[0013] In an effort to overcome the above-described drawbacks of conventional mechanical and thermo-electrochemical heat engines, the Johnson Thermo-Electrochemical Converter (JTEC) system, which can approximate a Carnot equivalent cycle (disclosed in U.S. Patent No. 7,160,639 filed April 28, 2003, the entire contents of which are incorporated herein by reference), was invented. The typical JTEC system is a heat engine that includes a first electrochemical cell (MEA) operating at a one temperature, a second electrochemical cell (MEA) operating at a different temperature from the first, a conduit system including a heat exchanger that couples the two cells together, and a supply of ionizable gas (such as hydrogen or oxygen) as a working fluid contained within the conduit system. Each MEA stack includes a non-porous membrane capable of conducting ions of the working fluid with porous electrodes positioned on opposite sides.

[0014] In the JTEC, working fluid passes through each MEA stack by releasing an electron to the electrode on the entering side, such that the ions (protons) can be conducted through the membrane to the opposite electrode. The working fluid is reconstituted within the opposite electrode as it re-supplies electrons to working fluid ions as they exit the membrane, the electrons having passed through an external load or controller. If a hydrogen pressure differential is applied across an MEA having an electrical load attached, it will supply power to the load as hydrogen passes from high pressure to low pressure. The process also operates in reverse. Voltage and current can be applied to an MEA to pump hydrogen from low pressure to high pressure.

[0015] Operating under a pressure differential, the high temperature cell will have a higher voltage than the low temperature cell, consistent with the Nemst equation. As in any other engine, the working fluid, hydrogen in this case, is compressed a low temperature and expanded at high temperature to produce net power output. Consistent current through both MEAs maintains a constant pressure differential. Since the current (I) is the same through both cells, the voltage differential means that the power generated through the expansion of hydrogen in the high temperature cell is higher than that of the low temperature cell.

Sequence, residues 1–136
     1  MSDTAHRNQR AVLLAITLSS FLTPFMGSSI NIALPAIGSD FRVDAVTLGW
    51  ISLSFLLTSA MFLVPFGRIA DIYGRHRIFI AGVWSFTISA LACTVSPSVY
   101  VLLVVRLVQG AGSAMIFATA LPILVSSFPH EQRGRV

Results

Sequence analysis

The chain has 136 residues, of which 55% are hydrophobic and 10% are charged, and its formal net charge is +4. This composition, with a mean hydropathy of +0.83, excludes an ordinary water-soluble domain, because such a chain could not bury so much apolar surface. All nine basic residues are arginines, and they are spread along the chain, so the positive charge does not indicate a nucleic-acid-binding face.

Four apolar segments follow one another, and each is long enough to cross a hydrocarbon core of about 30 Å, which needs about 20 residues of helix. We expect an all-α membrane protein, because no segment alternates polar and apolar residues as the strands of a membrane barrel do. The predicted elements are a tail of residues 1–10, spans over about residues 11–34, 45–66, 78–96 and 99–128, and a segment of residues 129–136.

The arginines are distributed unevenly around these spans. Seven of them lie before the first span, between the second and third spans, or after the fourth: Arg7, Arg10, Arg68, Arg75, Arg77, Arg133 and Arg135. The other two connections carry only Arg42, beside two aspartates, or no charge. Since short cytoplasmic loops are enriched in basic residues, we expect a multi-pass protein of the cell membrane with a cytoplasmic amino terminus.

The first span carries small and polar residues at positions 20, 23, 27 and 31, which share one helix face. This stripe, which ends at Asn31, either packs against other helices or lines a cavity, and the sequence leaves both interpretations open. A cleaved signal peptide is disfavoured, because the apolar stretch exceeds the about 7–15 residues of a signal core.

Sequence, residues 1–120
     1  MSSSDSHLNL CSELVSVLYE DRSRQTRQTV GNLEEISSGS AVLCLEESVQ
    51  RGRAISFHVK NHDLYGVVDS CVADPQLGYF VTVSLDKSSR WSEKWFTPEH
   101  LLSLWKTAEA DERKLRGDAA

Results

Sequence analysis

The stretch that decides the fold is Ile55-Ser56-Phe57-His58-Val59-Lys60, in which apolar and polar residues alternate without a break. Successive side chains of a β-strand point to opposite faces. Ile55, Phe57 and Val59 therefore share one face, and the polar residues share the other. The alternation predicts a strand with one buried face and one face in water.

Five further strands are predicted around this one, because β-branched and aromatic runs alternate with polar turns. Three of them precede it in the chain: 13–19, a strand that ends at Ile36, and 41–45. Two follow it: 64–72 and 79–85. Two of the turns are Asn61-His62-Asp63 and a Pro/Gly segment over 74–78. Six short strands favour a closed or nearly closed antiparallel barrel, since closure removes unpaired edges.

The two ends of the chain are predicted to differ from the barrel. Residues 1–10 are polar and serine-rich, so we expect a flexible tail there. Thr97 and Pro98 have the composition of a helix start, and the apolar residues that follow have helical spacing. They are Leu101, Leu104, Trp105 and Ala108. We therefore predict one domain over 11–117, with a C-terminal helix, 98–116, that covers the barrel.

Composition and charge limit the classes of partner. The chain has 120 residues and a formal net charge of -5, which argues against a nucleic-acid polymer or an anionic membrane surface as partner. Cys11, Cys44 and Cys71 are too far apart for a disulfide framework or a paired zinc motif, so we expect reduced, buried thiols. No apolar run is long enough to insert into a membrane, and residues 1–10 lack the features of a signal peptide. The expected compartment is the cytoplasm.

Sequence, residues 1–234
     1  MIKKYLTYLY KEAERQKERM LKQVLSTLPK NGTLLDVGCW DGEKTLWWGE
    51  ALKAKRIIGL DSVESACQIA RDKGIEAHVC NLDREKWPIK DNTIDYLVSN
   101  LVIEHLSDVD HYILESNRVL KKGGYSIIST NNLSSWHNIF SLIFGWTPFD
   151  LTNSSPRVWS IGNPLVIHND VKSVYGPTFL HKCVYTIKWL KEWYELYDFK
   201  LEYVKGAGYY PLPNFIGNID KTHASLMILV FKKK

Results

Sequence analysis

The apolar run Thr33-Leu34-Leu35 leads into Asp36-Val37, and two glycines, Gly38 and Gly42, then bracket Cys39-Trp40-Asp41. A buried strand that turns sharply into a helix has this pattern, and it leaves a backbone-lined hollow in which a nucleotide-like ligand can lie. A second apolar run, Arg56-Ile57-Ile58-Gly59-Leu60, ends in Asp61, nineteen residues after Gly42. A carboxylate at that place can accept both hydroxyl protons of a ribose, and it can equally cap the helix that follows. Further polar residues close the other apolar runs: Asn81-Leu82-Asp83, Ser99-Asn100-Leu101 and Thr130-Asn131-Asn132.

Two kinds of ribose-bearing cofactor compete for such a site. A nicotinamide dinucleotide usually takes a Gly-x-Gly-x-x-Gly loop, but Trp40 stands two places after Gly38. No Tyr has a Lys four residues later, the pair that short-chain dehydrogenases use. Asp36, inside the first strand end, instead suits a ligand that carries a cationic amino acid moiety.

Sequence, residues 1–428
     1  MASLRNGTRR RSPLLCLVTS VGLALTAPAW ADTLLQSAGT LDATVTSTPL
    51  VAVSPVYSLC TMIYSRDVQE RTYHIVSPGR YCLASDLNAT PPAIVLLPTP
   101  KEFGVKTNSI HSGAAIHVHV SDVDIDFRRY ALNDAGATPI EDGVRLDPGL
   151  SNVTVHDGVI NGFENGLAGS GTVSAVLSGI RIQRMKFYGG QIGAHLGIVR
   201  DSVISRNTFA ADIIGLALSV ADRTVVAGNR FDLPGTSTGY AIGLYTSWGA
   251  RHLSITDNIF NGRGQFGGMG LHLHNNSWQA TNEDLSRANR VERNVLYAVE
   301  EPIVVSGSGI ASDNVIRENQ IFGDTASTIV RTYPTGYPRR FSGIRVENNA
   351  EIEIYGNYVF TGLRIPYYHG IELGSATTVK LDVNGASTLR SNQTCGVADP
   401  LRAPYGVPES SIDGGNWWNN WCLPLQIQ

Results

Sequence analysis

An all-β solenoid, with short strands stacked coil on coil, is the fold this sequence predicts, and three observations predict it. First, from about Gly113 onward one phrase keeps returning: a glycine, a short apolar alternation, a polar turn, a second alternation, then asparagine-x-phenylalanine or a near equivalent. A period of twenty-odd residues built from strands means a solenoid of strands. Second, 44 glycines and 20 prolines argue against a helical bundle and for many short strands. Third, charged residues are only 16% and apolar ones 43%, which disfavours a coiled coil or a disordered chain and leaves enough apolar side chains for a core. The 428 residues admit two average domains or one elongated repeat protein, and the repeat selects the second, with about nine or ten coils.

[0016] A number of challenges have been encountered with developing a JTEC that is suitable for widespread use, particularly related to the issues associated with using hydrogen as a working fluid. For example, hydrogen leakage through small defects in the conduit system may occur due to the small size of the hydrogen molecule. In particular, hydrogen leakage can occur at the interconnection joints of the conduit couplings between the high -temperature cell and the low temperature cell. Such leakage is undesirable in that it reduces the pressure differential of the working fluid across the membrane and in that so reduces the electrical output and overall system efficiency.

[0017] Further, unlike conventional fuel cells, where the open circuit voltage can be greater than one volt, the Nemst voltage from the hydrogen pressure differential across an MEA stack is in the range of only about 0.2 Volts. As such, many cells will have to be connected in series to achieve useful output voltage levels. In addition, each JTEC cell needs to have a large membrane/electrode surface area in order to achieve useful levels of output current and minimum voltage loss due to membrane resistance. That is, considering the low operating voltages of individual cells and the low conductivity of available membrane materials, large membrane surface areas are needed to produce useful levels of power. A direct-bonded membrane structure would alleviate the aforementioned challenges related to hydrogen leakage by eliminating conduit couplings, which are prone to leakage.